Sansevieria trifasciata outside in SoCal?

dimitrig(SoCal z10a/21)September 30, 2013

I have seen this plant (also called snake plant) used indoors in bright light, but I noticed that the Ritz Carlton in downtown Los Angeles had these outside in a planter next to a south-facing wall. They create a very striking effect when planted en masse.

I have a difficult spot in my yard under a sycamore tree that gets full sun in winter when the tree loses it leaves and almost total shade (bright indirect light) the rest of the year. This spot is also fairly dry even though I have irrigation, because the tree roots soak up all the moisture.

The only plants I have been able to grow successfully in this spot are some types of azaleas, clivia, daylilies, agapanthus, and coleus (as an annual). Clivia in particular is well-suited.

It would be great if I could use Sansevieria trifasciata in this spot, but I am concerned about whether the full sun in winter will harm it. I am also concerned about frost, but when I saw it planted outside at the hotel it made me think this is maybe a non-issue (or else maybe they cover it when a frost is expected).

Can I plant Sansevieria trifasciata outside in SoCal in a spot like I described?

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GeeS 9b

Regular tall S. trifasciata may fry in that kind of sun, and will definitely take heavy damage at anything even approaching freezing temps. The dwarf forms are more hardy, and I have a few types of Sansevieria outside here, where it hit the high teens two of the last three winters. I keep them in protected spots and covered; all took damage but survived. But the tall ones? Fuhgettaboutit.

    Bookmark   September 30, 2013 at 8:23PM
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dimitrig(SoCal z10a/21)

Thanks. I would be happy with the dwarf varieties. In fact, the ones I saw were no more than 2 feet tall. Any recommendations?

    Bookmark   September 30, 2013 at 8:46PM
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GeeS 9b

Sorry, I don't know the names of any of the dwarf trifasciata varieties. This is the one I've had the best luck with, though I also have a bird's nest type, along with S. cylindrica and S. elliptica. I also had several others at one time, but they didn't survive our winters. The pictured plant stays very short and grows fast enough to recover from winter damage quickly. I still think direct overhead sun may be a stopper for you.

    Bookmark   October 1, 2013 at 11:25AM
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lzrddr(91360)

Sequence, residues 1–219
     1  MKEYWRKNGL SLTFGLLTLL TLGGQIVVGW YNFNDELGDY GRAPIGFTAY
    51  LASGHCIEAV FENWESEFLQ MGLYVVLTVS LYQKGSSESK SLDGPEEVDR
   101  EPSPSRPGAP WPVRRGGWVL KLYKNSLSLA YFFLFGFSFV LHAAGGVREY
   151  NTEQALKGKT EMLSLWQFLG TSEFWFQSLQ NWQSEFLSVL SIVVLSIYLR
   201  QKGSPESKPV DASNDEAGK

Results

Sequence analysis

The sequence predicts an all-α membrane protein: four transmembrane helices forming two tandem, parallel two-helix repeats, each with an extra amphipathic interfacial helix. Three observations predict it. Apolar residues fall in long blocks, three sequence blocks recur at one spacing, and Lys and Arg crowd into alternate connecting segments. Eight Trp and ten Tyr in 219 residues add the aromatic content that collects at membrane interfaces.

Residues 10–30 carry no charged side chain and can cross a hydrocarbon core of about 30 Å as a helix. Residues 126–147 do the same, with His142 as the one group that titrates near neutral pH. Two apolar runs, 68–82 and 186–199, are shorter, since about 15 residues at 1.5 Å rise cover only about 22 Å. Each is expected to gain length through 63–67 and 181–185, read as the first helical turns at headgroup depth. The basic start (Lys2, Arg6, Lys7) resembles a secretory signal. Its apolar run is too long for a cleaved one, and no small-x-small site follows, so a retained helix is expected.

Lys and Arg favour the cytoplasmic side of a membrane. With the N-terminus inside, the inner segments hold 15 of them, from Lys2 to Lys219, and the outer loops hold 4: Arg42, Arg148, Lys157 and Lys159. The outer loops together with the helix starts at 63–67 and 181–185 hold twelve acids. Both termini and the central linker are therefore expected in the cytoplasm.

I find the opposite here in California.. all the dwarf forms of Sansevieria trifasciata to be extremely cold sensitive, and rot sensitive (particular if cool/cold water drips on their crowns)... but the tall ones do very well in full shade to full sun (though full sun does fry them if not along the coast)... Santa Monica sports tens of thousands of these plants all over their public walkways, in front of banks and office bulidings. Most Sansevierias are much hardier than most on line sources claim, at least to cold, and I have had luck with nearly a dozen species in inland California where it gets below freezing almost every year. In fact, I have yet to lose an outdoor Sansevieria (though certainly have not tried them all by a long shot)... except.. the dwarf forms of S trifaciata (in fact, I can't keep those alive for even a month outdoors). Indoors, however, those dwarf forms do quite well.

    Bookmark   October 1, 2013 at 3:20PM
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GeeS 9b

The plant I posted above survived high teens -- twice, although well-protected in a raised bed w/overhang, so perhaps mid-twenties, The first time it went undamaged while a normal S. trifasciata right next to it froze to the ground. I've had tall S. trifasciata show significant damage at mid-thirties. Go figure. One big difference in our climes is the ease with which I'm able to keep them dry through winter.

    Bookmark   October 1, 2013 at 4:12PM
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stanofh

Its a different story here. Cold and wet - even with no frost- can rot them out in the bay area. The only real reliable easy to find variety is the grey leafed. That I see doing fine around Hayward in clumps. Why its so much more hardy then the tri color,I cant say. But,same story for Dracenea marginata...the all green grows fine here,the "candy cane" striped..wont survive.

    Bookmark   October 1, 2013 at 5:12PM
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